May 20, 2015

150th Anniversary of the Grand Review of the Armies

General Humphreys and Staff lead units of 2nd Corps on Pennsylvania Avenue, Washington, DC, in the Grand Review of the Armies on May 23, 1865. Over 80,000 men marched on the first day and 65,000 on the second day.



Over  two-days in May, 1865, the victorious and reunited Union held a review to honor its soldiers. Three Union armies- the Army of the Potomac, Army of Tennessee, and Army of Georgia- nearly 150,000 men, participated in the review. Sherman later called the experience, "the happiest and most satisfactory moment of my life."See this link for more information about the actual event.

Last weekend over 1,000 civil war reenactors commemorated the 150th Anniversary of the Grand Review of the Armies in Washington, DC. I regret that I did not attend the event. However, the video provides a nice summary, especially with regard to righting an injustice done to the United States Colored Troops that fought for the Union but were not permitted to march in the review.



May 9, 2015

Battle of Chunuk Bair Diorama

Peter Jackson of WETA Workshops fame has been involved in a massive historical figure modeling project depicting the Battle of Chunuk Bair in WWI in 1/32nd scale. Check this blog for more of the interesting story about how a major movie studio and hundreds of figure painting volunteers collaborated to build this massive 3D diorama.

http://anzacdiorama.blogspot.com

Many of the figures for the WWI diorama were sculpted by the Perry Bros of Perry Miniatures. I have many of their ACW figures on my layout.
Some Perry 28mm ACW figures on my layout.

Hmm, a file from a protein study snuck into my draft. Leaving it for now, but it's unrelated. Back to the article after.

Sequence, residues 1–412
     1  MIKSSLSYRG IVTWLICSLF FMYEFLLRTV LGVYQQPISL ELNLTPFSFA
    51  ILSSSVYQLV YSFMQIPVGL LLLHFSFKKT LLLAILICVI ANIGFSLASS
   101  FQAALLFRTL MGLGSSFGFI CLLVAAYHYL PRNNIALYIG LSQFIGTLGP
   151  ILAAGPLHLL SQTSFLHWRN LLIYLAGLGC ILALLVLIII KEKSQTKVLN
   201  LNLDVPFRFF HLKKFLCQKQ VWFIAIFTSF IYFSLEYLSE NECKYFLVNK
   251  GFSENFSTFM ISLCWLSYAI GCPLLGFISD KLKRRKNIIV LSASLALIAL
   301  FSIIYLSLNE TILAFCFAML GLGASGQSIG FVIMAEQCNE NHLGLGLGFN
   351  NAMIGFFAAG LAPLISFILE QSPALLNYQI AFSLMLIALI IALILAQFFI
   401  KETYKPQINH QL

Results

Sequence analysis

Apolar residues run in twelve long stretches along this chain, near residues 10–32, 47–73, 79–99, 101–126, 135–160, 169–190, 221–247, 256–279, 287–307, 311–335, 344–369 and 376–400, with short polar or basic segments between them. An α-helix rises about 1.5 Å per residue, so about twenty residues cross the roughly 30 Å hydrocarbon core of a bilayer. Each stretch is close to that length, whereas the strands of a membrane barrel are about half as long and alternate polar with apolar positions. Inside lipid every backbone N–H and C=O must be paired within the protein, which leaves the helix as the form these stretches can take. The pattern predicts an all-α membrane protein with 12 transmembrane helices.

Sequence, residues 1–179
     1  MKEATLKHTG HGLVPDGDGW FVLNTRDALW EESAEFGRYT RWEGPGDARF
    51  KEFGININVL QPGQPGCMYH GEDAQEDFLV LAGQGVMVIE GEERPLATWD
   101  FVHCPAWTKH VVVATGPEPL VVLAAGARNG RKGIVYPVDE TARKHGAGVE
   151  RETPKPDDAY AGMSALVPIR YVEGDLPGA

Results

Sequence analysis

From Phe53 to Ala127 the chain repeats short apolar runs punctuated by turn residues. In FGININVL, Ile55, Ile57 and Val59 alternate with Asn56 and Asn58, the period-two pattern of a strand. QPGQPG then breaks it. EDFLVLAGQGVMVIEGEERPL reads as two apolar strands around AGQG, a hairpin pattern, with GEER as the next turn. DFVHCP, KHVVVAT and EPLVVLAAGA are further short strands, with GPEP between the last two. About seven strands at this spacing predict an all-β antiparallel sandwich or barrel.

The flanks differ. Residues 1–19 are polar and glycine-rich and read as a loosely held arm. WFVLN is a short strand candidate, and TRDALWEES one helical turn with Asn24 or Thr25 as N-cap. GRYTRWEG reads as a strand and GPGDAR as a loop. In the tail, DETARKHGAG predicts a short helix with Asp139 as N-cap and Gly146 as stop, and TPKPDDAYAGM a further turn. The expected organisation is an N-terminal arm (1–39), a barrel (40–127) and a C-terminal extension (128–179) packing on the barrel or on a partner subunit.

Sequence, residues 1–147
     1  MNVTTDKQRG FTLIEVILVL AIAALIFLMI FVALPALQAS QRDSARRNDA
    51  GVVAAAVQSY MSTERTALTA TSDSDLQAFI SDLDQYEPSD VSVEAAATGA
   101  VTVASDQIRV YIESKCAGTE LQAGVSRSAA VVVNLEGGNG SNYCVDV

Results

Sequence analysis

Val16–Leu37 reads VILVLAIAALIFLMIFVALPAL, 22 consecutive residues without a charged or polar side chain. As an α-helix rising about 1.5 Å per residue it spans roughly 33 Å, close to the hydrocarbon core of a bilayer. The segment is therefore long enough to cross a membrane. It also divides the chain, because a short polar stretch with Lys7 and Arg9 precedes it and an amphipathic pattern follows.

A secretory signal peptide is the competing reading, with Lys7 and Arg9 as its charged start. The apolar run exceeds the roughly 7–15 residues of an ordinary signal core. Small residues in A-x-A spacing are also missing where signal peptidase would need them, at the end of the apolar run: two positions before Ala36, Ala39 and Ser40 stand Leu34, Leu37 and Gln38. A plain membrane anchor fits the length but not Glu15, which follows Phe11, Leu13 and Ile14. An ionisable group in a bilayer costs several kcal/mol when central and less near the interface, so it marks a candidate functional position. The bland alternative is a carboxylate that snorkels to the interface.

May 8, 2015

WWII VE Day 70th Anniversary Commemoration

Today was the 70th Anniversary of the surrender of the Germans in WWII. The United States Park Service Service and the Friends of the WWII Memorial co-hosted a great service to mark the date. I watched part of the ceremony at the WWII Memorial on live web cast. The speeches were good if not  overly memorable. At an early point I thought they had omitted the Russians as allies, but that was because they were introducing a particular set of guests. Later they did a formal roll call of all the allies including the Russians. Many of the allies nations were represented by officials or attaches and veterans from that country. It was very appropriate and moving event. I felt like I was experiencing  VE for the first time.


Once the ceremony ended, many of my coworkers and I headed outside to watch the planned fly over. About 56 WWII vintage airplanes flew over the Capital. From my vantage point on the ground just south of the Capitol Building, it was tough to get good photos. That was because the planes flew right over my head and I was shooting (photos not guns) into their shadowed underbellies. Still I got a few nice shots to remind me of the event.











Next time they do this, they should also have a parade with soldiers and ground vehicles.

May 1, 2015

Time Book of Running Trains

Henry Freeman sent me a copy of a B&O Railroad Time Book of Running Trains from 1864. It was to take effect on Nov 6th, 1864.

It is an interesting document that is similar to modern employee timetables.

This document cites a "rulebook" in several places. I do not have a copy of that rule book, but I will be on the look out for it.

Here are a couple sample pages.